Dreyfus Corp. is close to teaming up with AMR Investments to offer mutual funds and other banking services to frequent fliers on American Airlines.
The New York-based mutual fund unit of Mellon Bank Corp. has reached a preliminary agreement with AMR Investments, a sister company of the Fort Worth-based airline, to offer an investment account jointly.
The account would be similar to Dreyfus' Lion account, which combines brokerage and investment services with bill paying and financial planning advice for investors of $10,000 or more.
Dreyfus and AMR have reached "an agreement in principle to research to see how we could leverage the Lion account," a Dreyfus spokeswoman said. She declined to disclose details.
Bart Roberson, an AMR vice president and director of marketing, said that one possibility the companies are considering is offering customers round-trip tickets or extra travel miles as rewards for opening accounts.
The cost of tickets would be an expense to Dreyfus and AMR, not to owners of their mutual funds, he added.
AMR Investments, American Airlines' pension fund manager, has about $18 billion of assets under management, including $6 billion in nine proprietary AAdvantage mutual funds.
Some American passengers have been sent direct mail about specific AAdvantage funds since 1993. But Dreyfus, which has $100 billion of assets under management, could bring AMR a full-service brokerage account as well as a household name.
Like existing direct mail about individual AAdvantage mutual funds, a campaign for a Lion-like account would go out only to select prospects-not all 30 million customers in American's AAdvantage data base.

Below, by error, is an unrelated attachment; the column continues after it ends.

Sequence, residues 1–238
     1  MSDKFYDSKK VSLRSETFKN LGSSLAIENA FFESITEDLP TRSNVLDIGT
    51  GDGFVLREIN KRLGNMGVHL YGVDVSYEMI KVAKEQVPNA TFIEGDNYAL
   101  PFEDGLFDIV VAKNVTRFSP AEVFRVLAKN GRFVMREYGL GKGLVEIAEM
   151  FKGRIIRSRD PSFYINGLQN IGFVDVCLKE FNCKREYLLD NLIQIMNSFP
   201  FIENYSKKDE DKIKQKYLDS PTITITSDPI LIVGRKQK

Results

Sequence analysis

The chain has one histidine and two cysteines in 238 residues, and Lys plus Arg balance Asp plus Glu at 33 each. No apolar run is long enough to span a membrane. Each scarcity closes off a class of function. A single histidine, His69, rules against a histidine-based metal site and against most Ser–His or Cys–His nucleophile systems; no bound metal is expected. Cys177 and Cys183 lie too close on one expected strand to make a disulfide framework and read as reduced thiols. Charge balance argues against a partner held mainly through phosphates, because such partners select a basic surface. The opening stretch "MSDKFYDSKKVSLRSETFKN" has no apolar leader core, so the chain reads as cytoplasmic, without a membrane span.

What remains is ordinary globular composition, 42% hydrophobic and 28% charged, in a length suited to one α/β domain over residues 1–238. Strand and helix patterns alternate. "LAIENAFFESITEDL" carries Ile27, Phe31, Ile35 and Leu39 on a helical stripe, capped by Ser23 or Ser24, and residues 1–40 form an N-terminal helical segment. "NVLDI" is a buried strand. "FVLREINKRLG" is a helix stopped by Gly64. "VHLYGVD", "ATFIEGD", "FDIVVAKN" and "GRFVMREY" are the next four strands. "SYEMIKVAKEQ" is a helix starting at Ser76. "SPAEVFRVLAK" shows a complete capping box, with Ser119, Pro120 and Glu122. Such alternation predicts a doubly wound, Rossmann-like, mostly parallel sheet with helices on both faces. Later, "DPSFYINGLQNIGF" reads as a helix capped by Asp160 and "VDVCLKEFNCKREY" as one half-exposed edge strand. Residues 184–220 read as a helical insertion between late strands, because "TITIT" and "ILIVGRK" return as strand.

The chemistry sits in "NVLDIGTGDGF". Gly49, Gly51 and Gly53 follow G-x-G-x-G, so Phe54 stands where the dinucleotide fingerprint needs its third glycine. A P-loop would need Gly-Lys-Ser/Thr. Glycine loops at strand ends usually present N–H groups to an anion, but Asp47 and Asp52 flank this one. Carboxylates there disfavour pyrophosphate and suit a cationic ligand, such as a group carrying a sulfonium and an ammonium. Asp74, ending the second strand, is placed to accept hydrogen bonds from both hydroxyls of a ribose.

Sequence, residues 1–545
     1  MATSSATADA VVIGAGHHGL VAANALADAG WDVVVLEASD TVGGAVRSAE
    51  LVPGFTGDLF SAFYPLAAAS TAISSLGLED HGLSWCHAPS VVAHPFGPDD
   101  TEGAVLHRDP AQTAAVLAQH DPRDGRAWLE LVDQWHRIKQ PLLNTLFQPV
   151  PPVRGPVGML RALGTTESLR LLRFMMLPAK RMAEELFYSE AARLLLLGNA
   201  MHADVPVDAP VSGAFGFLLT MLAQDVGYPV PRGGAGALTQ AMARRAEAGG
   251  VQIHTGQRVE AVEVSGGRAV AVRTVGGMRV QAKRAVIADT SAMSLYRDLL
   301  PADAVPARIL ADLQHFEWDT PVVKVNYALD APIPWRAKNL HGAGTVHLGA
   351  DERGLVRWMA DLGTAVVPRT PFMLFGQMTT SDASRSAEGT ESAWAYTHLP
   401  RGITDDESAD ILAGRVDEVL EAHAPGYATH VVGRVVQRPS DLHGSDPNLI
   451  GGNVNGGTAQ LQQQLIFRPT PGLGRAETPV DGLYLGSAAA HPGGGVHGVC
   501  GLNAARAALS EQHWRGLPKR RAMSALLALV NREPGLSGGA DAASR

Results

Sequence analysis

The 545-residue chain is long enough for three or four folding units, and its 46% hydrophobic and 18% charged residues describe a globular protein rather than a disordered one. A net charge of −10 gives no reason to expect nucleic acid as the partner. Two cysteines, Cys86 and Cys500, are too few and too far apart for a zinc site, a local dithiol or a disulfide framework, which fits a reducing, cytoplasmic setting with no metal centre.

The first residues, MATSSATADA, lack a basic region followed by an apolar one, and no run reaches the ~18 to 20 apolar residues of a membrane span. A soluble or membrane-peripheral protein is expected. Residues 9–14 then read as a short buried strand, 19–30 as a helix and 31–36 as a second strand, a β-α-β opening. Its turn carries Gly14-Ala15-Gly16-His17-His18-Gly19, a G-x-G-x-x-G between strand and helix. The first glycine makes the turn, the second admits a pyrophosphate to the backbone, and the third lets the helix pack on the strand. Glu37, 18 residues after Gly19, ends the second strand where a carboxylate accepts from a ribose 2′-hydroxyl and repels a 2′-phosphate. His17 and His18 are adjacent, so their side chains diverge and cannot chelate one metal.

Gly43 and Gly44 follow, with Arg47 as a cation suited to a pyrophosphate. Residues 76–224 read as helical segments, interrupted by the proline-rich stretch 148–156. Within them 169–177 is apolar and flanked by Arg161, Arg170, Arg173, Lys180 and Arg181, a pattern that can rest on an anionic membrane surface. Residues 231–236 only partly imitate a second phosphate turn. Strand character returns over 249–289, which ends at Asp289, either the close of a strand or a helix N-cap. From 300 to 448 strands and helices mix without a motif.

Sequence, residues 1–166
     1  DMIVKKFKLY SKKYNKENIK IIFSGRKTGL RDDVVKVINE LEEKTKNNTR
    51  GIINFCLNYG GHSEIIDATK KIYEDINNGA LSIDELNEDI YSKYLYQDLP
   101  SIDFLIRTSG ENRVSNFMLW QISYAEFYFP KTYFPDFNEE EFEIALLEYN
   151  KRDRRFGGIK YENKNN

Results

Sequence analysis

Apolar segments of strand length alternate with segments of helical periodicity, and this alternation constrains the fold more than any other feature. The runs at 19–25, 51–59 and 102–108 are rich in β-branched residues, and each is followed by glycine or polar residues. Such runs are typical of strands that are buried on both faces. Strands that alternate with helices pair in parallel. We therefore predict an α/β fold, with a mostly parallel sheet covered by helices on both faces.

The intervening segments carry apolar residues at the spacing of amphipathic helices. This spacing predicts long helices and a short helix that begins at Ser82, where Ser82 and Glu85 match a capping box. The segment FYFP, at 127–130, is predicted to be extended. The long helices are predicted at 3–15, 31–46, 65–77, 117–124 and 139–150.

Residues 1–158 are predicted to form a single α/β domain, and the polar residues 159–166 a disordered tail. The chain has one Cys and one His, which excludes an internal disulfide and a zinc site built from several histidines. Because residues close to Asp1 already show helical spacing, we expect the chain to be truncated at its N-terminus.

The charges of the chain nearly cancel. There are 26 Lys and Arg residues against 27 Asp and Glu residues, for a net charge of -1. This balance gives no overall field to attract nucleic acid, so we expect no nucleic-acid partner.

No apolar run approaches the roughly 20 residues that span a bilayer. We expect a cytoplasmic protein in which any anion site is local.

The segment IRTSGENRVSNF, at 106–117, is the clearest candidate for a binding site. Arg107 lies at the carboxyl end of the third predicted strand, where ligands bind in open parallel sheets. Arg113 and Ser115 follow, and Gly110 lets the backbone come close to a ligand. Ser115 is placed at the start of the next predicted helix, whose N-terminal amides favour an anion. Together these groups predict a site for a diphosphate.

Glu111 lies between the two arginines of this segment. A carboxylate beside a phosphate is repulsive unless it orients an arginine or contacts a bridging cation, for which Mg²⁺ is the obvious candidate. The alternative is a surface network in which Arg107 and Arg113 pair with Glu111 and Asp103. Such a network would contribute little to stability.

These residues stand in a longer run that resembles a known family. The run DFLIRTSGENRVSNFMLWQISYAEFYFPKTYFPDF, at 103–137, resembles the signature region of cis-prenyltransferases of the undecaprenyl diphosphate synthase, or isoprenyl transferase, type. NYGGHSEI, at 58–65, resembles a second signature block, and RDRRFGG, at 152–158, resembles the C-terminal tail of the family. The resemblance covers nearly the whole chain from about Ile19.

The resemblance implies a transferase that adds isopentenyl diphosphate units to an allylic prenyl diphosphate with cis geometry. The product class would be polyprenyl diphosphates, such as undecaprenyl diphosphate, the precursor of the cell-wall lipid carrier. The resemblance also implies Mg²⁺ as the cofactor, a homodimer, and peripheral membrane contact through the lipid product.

Mr. Roberson said that for the mail campaign to get more than a passing glance it "needed to be cobranded with another mutual fund company" and be "as broad and comprehensive as possible."
American's AAdvantage passengers are also offered deals with MCI Telecommunications for long-distance calls, and with Citicorp for credit cards.
Pittsburgh-based Mellon has joint ventures with other investment firms, but a deal between Dreyfus and American would be more of an affinity arrangement. The banking company has a similar alliance with the American Dental Association under which it offers financial services, including credit cards, medical savings accounts, and Dreyfus funds, to association members.
Frequent-flier and other affinity promotions are common in the credit card business but more rare in investment management.
Star Bank Corp., Cincinnati, and Charles Schwab & Co., San Francisco, each started miles-for-investments programs in August 1996.
Star Bank's capital management division buys tickets with any airline for customers once they invest at least $50,000 in its proprietary mutual funds that carry sales loads. Clients' fund statements keep tabs for them on the deal-one mileage point for each dollar invested.
"It's done the things we wanted it to," said Randy Bateman, chief investment officer of Star Bank's capital management division. "A greater proportion of people are periodically investing, and the average ticket of investments went from about $7,500 to about $12,500."
He said other factors had contributed to the increase, including the movement of assets from trust accounts into the funds, an expansion of the family to 13 funds, and the hiring of more salespeople.
The division has $9.6 billion under management, including $2.7 billion in its proprietary Star Funds.
So far, Star has bought 38 tickets at an average cost of $337.08. Other customers with more than $50,000 invested have accrued enough points to get 288 plane tickets.
Under Schwab's deal with Atlanta-based Delta Airlines, customers who open brokerage accounts with $10,000 or more are rewarded with 1,000 frequent-flier miles.
Schwab allows a maximum of 50,000 miles per year for Delta customers, who get the points automatically posted from their brokerage accounts to their Delta Skyline cards. Under the arrangement, customers get 1,000 miles for each $10,000 invested, according to a brokerage spokesman.